Have you ever wondered how to scale your Google Cloud Platform (GCP) network while keeping it secure and efficient? If so, you're in the right place! In this blog post, we're going to explore the fascinating world of the GCP Hub and Spoke architecture and how it can take your network to the next level. We'll guide you through the process step by step, explaining the key concepts and benefits along the way. So, let's dive in and transform your GCP network into a well-oiled, scalable machine! 🛡️
🌐 The Hub and Spoke Architecture Unveiled
🌟 The Hub: The Center of the Universe
In the networking world, the "Hub" is like the sun in our solar system. It's at the center, radiating control and authority to every other network component. The Hub is where all the major network services and resources are centralized, making it the central point for managing your GCP network. This hub and spoke model simplifies network management by consolidating key components and controls in one location.
Why is this important? Well, by concentrating essential network services in the Hub, you gain a single point of control, which not only streamlines management but also enhances security. You can enforce consistent security policies and ensure that data traffic flows through a controlled and secure path. This not only simplifies network security but also allows for easy monitoring and auditing of network activities. 🔒
💫 The Spokes: Connecting the Dots
Now that we've got our Hub, let's talk about the "Spokes." Spokes are like the planets orbiting the sun – where the action happens. In GCP, the spokes represent the various projects including workloads, services, and applications that need network connectivity. Each spoke connects to the Hub to access shared resources, such as VPNs, firewalls, and more.
The flexibility of the spokes is a key benefit of the hub and spoke architecture. You can have multiple spokes, each tailored to specific needs or regions, making it an ideal solution for businesses with diverse workloads or global operations. Spokes can be quickly added or removed, allowing your network to adapt to the changing needs of your organization, whether you're expanding into new regions or need to support different application stacks.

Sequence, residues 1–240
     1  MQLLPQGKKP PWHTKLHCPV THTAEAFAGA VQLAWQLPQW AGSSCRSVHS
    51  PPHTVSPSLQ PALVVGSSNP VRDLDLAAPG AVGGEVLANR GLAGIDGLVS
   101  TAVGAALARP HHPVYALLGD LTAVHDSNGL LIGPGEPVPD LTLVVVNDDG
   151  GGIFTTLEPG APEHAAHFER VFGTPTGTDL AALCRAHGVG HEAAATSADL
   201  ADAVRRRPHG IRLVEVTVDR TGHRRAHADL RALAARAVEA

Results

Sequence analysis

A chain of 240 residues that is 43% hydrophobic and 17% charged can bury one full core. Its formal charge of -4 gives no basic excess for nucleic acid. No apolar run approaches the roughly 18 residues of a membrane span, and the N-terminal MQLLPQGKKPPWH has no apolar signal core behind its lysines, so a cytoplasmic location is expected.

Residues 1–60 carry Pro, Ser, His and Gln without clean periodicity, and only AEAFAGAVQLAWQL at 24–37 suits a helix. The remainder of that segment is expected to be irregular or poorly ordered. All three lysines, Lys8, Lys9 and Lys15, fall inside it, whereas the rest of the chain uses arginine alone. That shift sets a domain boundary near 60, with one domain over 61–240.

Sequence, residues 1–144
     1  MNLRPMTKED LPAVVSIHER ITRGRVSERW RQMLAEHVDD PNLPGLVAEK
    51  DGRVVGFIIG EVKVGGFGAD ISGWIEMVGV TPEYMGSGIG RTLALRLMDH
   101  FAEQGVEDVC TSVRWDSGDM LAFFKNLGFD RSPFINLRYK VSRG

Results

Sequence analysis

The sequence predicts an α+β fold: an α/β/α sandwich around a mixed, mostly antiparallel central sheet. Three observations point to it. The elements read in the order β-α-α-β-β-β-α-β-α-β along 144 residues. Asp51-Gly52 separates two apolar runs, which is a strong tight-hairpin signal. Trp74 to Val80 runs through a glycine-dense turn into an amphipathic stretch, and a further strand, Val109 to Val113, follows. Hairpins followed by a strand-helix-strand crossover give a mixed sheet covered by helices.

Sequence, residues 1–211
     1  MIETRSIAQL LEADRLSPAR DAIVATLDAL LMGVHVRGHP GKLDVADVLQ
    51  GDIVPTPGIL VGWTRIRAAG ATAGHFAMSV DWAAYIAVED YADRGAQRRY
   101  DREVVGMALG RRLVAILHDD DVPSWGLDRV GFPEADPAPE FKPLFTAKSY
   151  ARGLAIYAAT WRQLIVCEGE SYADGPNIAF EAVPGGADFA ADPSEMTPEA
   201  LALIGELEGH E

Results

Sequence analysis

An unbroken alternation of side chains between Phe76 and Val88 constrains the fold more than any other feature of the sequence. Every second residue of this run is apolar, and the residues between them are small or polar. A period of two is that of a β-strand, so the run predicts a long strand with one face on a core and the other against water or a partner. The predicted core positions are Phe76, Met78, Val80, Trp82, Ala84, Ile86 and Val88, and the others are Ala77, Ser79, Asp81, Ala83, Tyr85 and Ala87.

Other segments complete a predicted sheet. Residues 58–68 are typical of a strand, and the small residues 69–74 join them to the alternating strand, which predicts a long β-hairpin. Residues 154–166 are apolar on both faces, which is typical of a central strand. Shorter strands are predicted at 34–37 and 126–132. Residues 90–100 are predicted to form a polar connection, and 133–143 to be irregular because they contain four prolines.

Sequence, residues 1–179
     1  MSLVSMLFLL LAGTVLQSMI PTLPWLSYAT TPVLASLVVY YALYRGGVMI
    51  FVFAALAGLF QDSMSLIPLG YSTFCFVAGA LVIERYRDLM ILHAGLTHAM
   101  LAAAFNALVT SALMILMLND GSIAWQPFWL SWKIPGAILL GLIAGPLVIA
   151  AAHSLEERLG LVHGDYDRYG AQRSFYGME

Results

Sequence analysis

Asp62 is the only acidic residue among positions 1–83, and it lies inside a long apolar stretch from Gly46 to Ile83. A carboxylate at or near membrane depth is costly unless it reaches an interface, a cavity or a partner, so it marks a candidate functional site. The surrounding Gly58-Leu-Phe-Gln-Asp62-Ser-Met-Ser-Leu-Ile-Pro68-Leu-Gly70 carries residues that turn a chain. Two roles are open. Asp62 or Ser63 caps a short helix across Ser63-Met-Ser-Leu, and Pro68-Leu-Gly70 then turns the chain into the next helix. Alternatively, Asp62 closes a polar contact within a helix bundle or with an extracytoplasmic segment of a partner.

However, like many things in life, there's a flip side to consider. Managing such a network structure isn't without its challenges. It demands meticulous planning and comprehensive architecture diagrams to ensure smooth and secure operation. 💼
📐 Designing Your Hub and Spoke Architecture
To get started with the hub and spoke architecture, you'll need to design your central hub carefully. Create a Virtual Private Cloud (VPC) to serve as the hub. This is where all your core resources will be hosted. I recommend hosting this VPC in a separate project within your organization. I have created a project called
With the hub in place, it's time to add the spokes. Spokes are specialized VPCs that serve different purposes in your network. For example, you might have separate spokes for development, testing, and production environments.
Let's create a new VPC in a separate project. The subnets that we create for the VPC could be later shared with the different development projects I have in my organization.
Now we have created the hub and the spoke - are we done? Almost - we now need to connect both networks with each other. Here we can utilize the VPC peering capabilities. In our hub network, we create a peering connection. It is essential to activate
Export custom routes and
Import & Export subnet routes with public IP.
Now we have changed to the spoke project again. Here we need to accept the peering connection and configure
Import custom routes and
Import & Export subnet routes with public IP.
🌍 Add centralized internet access via the hub network